This preview shows pages 1–10. Sign up to view the full content.
1
10
Coupon Bonds
The chapter studies coupon bonds from the
perspective
of
the
arbitragefree
pricing
methodology.
This is in contrast to the classical approach to
fixed income analysis or coupon bond pricing
that was presented in Chapter 2.
The differences between the two approaches are
numerous.
This preview has intentionally blurred sections. Sign up to view the full version.
View Full Document 2
First, the arbitragefree pricing methodology can
be used to risk manage a portfolio of bonds given
an arbitrary evolution for the term structure of
interest rates. The classical approach can only
hedge parallel shifts in the term structure of
interest rates.
Second, the arbitragefree pricing approach can be
used to price interest rate derivatives in a manner
consistent with that used to price couponbonds.
The classical approach cannot.
Third, the arbitragefree pricing approach can be
extended to handle foreign currency risk and
credit risk.
The classical approach cannot.
3
A
A Coupon Bond as a Portfolio of ZeroCoupon
Bonds
This section studies the arbitragefree pricing of
noncallable coupon bonds.
The valuation method of this section is
independent of the particular evolution of the
term structure of interest rates selected; in
particular, it does not depend on the number or
specification of the factors in the economy, either
one, two, or three factors.
We define a
coupon bond
with principle L,
coupons C, and maturity T to be a financial
security that is entitled to receive coupon
payments of C dollars at times 1, …, T with a
principal repayment of L at time T.
The coupon rate on the bond is c = 1+C/L.
This preview has intentionally blurred sections. Sign up to view the full version.
View Full Document 4
Table 10.1:
The Cash Flows to a Typical
Coupon Bond with Price
B
(0), Principal L,
Coupon C and Maturity T
Time
012…
T


B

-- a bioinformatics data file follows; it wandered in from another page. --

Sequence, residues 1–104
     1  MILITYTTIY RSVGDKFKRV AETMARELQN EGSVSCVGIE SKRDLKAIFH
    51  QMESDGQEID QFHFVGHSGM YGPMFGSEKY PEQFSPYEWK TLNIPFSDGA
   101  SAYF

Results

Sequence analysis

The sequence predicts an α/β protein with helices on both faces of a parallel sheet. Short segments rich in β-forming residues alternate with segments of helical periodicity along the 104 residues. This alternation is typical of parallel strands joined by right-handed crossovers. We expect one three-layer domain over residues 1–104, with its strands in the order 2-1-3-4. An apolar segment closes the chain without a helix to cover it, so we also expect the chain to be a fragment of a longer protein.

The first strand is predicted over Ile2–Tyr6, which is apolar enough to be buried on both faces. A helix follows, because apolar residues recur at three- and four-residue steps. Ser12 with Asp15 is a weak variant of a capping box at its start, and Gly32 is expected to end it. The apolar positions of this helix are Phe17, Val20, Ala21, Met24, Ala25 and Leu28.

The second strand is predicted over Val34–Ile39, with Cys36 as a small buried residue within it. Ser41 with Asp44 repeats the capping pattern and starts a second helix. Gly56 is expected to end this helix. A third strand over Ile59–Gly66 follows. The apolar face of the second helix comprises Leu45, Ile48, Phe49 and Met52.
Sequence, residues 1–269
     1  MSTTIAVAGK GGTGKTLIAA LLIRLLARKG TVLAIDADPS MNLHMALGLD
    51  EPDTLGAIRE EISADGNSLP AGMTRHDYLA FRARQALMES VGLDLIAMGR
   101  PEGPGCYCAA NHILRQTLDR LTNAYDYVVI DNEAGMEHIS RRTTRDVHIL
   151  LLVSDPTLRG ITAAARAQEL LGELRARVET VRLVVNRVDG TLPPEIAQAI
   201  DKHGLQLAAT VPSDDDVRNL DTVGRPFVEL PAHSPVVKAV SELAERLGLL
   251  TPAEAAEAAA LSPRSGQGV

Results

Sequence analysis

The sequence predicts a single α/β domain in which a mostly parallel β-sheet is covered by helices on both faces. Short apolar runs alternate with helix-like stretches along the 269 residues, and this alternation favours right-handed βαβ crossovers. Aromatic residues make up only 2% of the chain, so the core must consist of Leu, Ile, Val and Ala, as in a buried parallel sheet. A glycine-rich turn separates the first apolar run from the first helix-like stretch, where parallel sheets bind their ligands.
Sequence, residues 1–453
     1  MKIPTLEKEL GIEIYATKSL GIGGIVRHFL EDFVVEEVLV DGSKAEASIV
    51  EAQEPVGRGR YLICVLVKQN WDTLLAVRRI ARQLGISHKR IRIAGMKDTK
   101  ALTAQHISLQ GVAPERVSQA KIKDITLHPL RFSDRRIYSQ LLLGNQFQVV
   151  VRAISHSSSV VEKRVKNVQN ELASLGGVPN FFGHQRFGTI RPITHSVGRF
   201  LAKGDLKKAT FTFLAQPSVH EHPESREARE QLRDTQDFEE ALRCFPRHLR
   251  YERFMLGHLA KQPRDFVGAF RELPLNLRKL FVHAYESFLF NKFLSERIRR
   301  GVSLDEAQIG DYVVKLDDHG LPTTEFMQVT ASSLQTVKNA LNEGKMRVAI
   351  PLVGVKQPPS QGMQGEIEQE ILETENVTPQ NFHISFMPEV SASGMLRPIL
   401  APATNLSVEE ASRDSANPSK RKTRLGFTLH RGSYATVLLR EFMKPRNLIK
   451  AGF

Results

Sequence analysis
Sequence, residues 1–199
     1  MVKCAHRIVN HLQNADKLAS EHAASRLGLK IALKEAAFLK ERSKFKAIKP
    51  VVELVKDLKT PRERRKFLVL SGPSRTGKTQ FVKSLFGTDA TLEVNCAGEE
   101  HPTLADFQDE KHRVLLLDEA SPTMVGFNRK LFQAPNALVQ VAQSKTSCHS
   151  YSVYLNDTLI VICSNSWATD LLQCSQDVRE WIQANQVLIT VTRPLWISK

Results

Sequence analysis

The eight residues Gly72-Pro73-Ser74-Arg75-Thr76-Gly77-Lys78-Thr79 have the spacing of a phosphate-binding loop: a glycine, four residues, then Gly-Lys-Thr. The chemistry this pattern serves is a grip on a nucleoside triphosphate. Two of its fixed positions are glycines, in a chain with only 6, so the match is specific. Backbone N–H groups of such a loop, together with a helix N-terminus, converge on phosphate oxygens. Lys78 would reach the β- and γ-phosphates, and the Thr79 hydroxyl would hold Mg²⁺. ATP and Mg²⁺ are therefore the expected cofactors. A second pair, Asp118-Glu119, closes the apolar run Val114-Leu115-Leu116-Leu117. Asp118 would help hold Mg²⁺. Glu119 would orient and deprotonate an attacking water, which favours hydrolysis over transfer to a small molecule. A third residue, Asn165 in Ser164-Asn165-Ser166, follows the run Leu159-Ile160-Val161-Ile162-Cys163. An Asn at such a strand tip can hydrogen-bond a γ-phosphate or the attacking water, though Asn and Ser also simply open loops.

(0)
C
C
…
C
Coupons
LP
r
i
n
c
i
p
a
l
coupon rate c = 1+C/L
5
The coupon bond’s cash flows can be obtained
from a portfolio of zerocoupon bonds.
The duplicating portfolio consists of
C
zerocoupon bonds maturing at times
=
1
, .
.., T
1
and C+L zerocoupon bonds maturity at time T.
Let the market price of the coupon bond be
denoted
B(t)
.
The cost of constructing the duplicating portfolio
of zerocoupon bonds is:
)
T
,
t
(
LP
T
1
t
i
)
i
,
t
(
CP
+
∑
+
=
.
In constructing this portfolio, it is assumed that
the construction occurs after the coupon payment
has been paid at time
t
(i.e., it represents the
excoupon value at time
t
).
This preview has intentionally blurred sections. Sign up to view the full version.
View Full Document 6
Thus, the arbitragefree price of the coupon
bond is:
)
T
,
t
(
LP
T
1
t
i
)
i
,
t
(
CP
)
t
(
+
∑
+
=
=
B
.
(10.1)
Note that the arbitragefree price for the coupon
bond can be computed without any knowledge of
the evolution of the term structure of interest
rates.
It depends solely on the initial zerocoupon bond
price curve.
We now illustrate this computation
with an example.
7
Table 10.2:
An Example of a Time
0 ZeroCoupon Bond Price Curve
P(0,4) = .923845
P(0,3) = .942322
P(0,2) = .961169
P(0,1) = .980392
This preview has intentionally blurred sections. Sign up to view the full version.
View Full Document 8
Table 10.3:
An Example of the Cash
Flows to a Coupon Bond
0
1
2
3
4
$5
$5
$100
time
coupon
principal
9
EXAMPLE: COUPON BOND CALCULATION
.
This preview has intentionally blurred sections. Sign up to view the full version.
View Full Document
This is the end of the preview. Sign up
to
access the rest of the document.
This note was uploaded on 12/09/2008 for the course NBA 5550 taught by Professor Jarrow,robert during the Fall '08 term at Cornell University (Engineering School).
 Fall '08
 JARROW,ROBERT

Click to edit the document details